In short, charcoal will give you an affordable option and you really can't beat the taste of food cooked over coal or wood. You also get more portable charcoal grills and they can reach much higher cooking temperatures. However, that temperature is harder to regulate and they are trickier to light and take longer to come to heat than gas. They are also smokier.
Gas is instantaneous, easy to use and generally a gas grill is easier to clean. You will get a much more controlled cook and should be ready to cook on your gas barbecue in about 15 minutes after lighting. With the convenience comes the higher initial cost of a gas grill (which can often be twice the price) and the need to buy gas.
A combo grill is a hybrid of both (or sometimes a hybrid of gas and a smoker). There are, however, more combo options. A hybrid infrared gas grill (opens in new tab) is a gas grill; on one side you get traditional convection burners, and on the other an infrared burner. On this infrared burner, you can cook foods at lower temperatures as well as high.
How to BBQ with charcoal
There's some skill to barbecuing on charcoal and learning how to light a barbecue, but the most important ways to ensure the results are perfect are:
- Prep the barbecue by cleaning out any old ask, removing the grate, and opening the bottom vents. This allows air to circulate around the charcoal, which will help you get an even, strong burning barbecue.
- Use the right amount of charcoal: the more charcoal you use, the tighter you pack it, the hotter your fire will be and the longer it will burn. Cooking a couple of burgers or sausages? You can get away with 15 to 20 coals. Searing steak? You'll need twice as much. Hosting a party? Scale the coals up per person, working with around five to 10 pieces of coal per piece of meat.
- Wait until the charcoal is covered with white-grey ash before cooking. This should take up to 30 minutes.
- There should be no smoke; if there is, the coals aren't ready.
- Get a barbecue temperature gauge (opens in new tab) to ensure your barbecue retains the right amount of heat. You're looking for at least 107ºC+ (225ºF).
- Control a charcoal barbecue's temperature with the vents: you can reduce heat, slow down cooking or lengthen cooking time, by closing down the vents almost completely (never do so completely or the fire may go out); opening the vents will create a fiercer, faster heat.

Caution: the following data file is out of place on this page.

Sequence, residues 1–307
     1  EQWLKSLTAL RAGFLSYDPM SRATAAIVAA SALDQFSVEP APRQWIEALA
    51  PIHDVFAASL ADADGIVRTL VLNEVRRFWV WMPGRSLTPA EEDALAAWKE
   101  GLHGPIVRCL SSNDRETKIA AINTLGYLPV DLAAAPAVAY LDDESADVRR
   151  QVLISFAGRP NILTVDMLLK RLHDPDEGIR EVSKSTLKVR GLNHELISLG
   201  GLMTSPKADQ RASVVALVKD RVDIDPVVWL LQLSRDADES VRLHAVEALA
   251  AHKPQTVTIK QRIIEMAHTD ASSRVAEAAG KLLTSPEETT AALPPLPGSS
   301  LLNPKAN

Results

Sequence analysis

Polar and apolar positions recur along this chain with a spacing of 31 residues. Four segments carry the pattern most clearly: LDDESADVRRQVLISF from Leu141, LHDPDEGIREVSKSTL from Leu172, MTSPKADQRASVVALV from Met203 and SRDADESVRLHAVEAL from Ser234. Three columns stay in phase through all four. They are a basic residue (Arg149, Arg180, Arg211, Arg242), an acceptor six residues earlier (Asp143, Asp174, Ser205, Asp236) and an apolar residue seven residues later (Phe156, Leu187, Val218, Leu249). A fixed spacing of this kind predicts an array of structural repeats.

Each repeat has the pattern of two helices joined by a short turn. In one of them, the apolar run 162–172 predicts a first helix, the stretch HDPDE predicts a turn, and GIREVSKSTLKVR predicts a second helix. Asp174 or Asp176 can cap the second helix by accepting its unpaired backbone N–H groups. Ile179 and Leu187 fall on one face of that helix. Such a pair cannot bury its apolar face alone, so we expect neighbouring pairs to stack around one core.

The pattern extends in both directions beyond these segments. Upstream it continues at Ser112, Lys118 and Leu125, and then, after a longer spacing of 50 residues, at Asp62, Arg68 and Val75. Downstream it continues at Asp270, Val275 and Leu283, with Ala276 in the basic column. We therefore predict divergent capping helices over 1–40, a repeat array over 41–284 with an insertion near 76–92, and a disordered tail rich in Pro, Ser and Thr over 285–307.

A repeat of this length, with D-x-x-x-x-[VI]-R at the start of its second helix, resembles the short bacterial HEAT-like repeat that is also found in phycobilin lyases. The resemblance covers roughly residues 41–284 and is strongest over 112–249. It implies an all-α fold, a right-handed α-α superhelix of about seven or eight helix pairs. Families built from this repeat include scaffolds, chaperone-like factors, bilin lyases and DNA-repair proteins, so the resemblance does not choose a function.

- Season the BBQ grill when it's cold. Use a high heat cooking oil, wipe off any excess with kitchen roll and you're ready to go.
How to use a barbecue chimney starter?
Hate the taste of lighter fluid on your barbecued food? A charcoal barbecue chimney starter is an upright metal tube that lets you start your coals with just some sheets of newspaper and a match. If you barbecue for a crowd (more on that later) on a regular basis, choose the largest chimney starter (available on Amazon) (opens in new tab) you can find. Its large capacity will hold enough briquettes for a 57cm diameter kettle grill. It's constructed from aluminized steel and has stay-cool thermoplastic handles.
How to BBQ with gas
- Keep the lid open when lighting a gas barbecue. Safety first! If it is windy, make a shield to hold up while you light it.
- Allow the grill to heat up for at least 10 minutes. Once you've lit your first burner, turn on the others. This will allow the grill to heat up properly and will burn off any food and grease left over from last time.
- If it's smoking, it's not ready – so allow that grease to burn off properly first.
- Turn down the heat and get ready to cook.
- Control heat further – if your gas grill is too hot and you can't close vents or turn down the burners further, trying reducing the amount of gas on the propane tank itself. Also, keep the lid open to allow some of the heat to escape.
BBQ smokers: how to use a smoker grill
Smoker grills are ideal for cooking food at lower temperatures, meaning you get gentler, slower cooking over a longer time, and incredibly crispy on the outside, tender on the inside meat.
Find the best smoker grills in our buyer's guide.
Here is how to cook on one:
- Put cold meat in the smoker: straight from the fridge will absorb the smoke better than room temperature meat.
- Use the smoker's vents to control heat – open them before adding fuel, and adjust them when the smoker heats up.
- Use a chimney starter to fire up your smoker grill.
- Use wood for flavour – but as a supplement fuel not the main fuel. Large pieces of wood will burn more slowly than kindling, and put them to the side of the fire, not on top to infuse.
- Put a pan of water on the grate; this helps keep the meat juicy.